Many parts, one body
While most basketball teams are filled with similar players with common backgrounds and playstyles, the story is a little different for the Pioneers. Rallying behind Head Coach Jon Lewis, these players from all over the globe come together to create a formidable foe. For players like Jovana Jovovic, Whitney Moia and Alisha Washington, the journey to get to MidAmerica looked significantly different.
Jovovic began her journey to MNU from Serbia after reaching out to her fellow Serbian Assistant Coach Martina Mihailovic. Jovovic started her collegiate career at a community college in McCook, Neb., with the goal of eventually reaching MNU.
"Serbia is not that big and is known as a basketball country. Pretty much all of the coaches there know each other. Jovana reached out to me through one of my coaching associates asking me for help. She'd always wanted to come here to continue her education and basketball career," Mihailovic said.
Alisha Washington, a first-year transfer from Texas, is currently one of the leading scorers for the Pioneers, despite recovering from two ACL tears. Washington said she values involving her teammates in all aspects of the game and was quick to accredit her comfort on the court to her teammates’ support.
"They welcomed me with open arms. Everyone was friendly. Nobody cared about status and we just emphasized working together," said Washington.
One of the things the players stress is the fact that there are no captains on the team. This unorthodox style of team management may at first seem peculiar, but the team’s record seems to suggest otherwise. Coach Lewis said that the decision to have no captains is just one facet of the high standards of dedication and training that encompasses all aspects of the players’ lives.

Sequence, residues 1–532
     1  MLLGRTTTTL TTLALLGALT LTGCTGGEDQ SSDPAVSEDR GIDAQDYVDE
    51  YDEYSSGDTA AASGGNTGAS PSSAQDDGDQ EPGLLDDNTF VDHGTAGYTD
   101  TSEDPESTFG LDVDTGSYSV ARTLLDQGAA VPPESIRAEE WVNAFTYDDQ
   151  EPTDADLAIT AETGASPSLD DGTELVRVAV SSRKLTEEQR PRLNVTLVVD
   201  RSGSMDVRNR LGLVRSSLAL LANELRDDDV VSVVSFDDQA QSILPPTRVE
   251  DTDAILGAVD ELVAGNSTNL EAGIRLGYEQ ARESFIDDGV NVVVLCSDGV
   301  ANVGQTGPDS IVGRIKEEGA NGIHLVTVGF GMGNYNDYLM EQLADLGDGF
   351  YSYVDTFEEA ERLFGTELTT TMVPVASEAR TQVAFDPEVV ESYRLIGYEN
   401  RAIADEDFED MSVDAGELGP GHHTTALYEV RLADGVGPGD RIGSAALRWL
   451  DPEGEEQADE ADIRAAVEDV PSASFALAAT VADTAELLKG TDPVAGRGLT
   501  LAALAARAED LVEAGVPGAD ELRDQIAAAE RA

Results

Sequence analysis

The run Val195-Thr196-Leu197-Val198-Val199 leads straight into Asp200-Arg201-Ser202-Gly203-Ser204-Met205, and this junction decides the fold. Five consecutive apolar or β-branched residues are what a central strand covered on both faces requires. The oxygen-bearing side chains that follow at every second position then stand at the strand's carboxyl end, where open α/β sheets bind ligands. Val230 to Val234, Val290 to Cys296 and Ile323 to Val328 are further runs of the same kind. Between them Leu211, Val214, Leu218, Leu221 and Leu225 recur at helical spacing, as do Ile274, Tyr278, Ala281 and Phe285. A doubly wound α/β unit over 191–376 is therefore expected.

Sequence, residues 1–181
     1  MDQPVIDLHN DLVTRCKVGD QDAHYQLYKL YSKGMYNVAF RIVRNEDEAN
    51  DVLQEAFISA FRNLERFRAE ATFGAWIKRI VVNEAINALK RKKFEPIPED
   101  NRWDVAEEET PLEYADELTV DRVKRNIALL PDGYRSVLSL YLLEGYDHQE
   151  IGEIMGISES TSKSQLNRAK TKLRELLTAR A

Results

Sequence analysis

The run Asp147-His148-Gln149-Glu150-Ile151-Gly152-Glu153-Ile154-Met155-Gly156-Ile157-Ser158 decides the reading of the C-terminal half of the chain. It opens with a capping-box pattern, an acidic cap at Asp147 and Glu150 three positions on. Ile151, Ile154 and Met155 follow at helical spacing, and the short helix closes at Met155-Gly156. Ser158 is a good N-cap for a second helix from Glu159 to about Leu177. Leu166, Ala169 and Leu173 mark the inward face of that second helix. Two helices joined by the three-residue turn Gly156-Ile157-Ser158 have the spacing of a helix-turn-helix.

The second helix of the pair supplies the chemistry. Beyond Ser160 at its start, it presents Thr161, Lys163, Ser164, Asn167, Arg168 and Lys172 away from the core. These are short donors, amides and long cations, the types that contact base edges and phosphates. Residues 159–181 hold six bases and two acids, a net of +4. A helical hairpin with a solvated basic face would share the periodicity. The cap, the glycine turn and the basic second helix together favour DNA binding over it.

"Everyone is a captain of something and everybody has a role. The roles are defined by those who are willing to put on the work hat and the work boots,” Lewis said. “We value trust and we want everyone to feel comfortable to talk and communicate. It may be an informal philosophy but I just personally believe that all the players should feel empowered in some form."
One of the ways the team has been able to stay focused and come together is through its circle metaphor. The circle represents the players, coaches and team being on the same page with a central emphasis on trust and God.
"It's a big circle between us, the coaches and God. We have to put God first and trust in Him because if it wasn’t for Him, we wouldn’t be playing this sport,” Washington said. “Then we have to go by the coaches' rules and what they tell us to do. Then it's the team. At the end of the day, we will be the ones on the court, so we have to come together, trust in each other and give it all we've got."
With one national title already in the books, senior Tristin Wicks said it is very apparent that the team is hungry for another championship and that staying together is one of its primary concerns.
"No matter what the circumstances, we want to strive to be great. If we settle for 'good,' then we will never achieve what we want to achieve," Wicks said.
In assent, Jovovic said the main goal is to win the conference and then focus on the another national title.
"I have really high expectations for the team this year; we really seem good. We have been playing good and the chemistry is great. I really expect a lot from every one of us," Jovovic said.
Christian Stewart- More by this author
Christian Stewart is a student at MidAmerica Nazarene University and a reporter for The Trailblazer.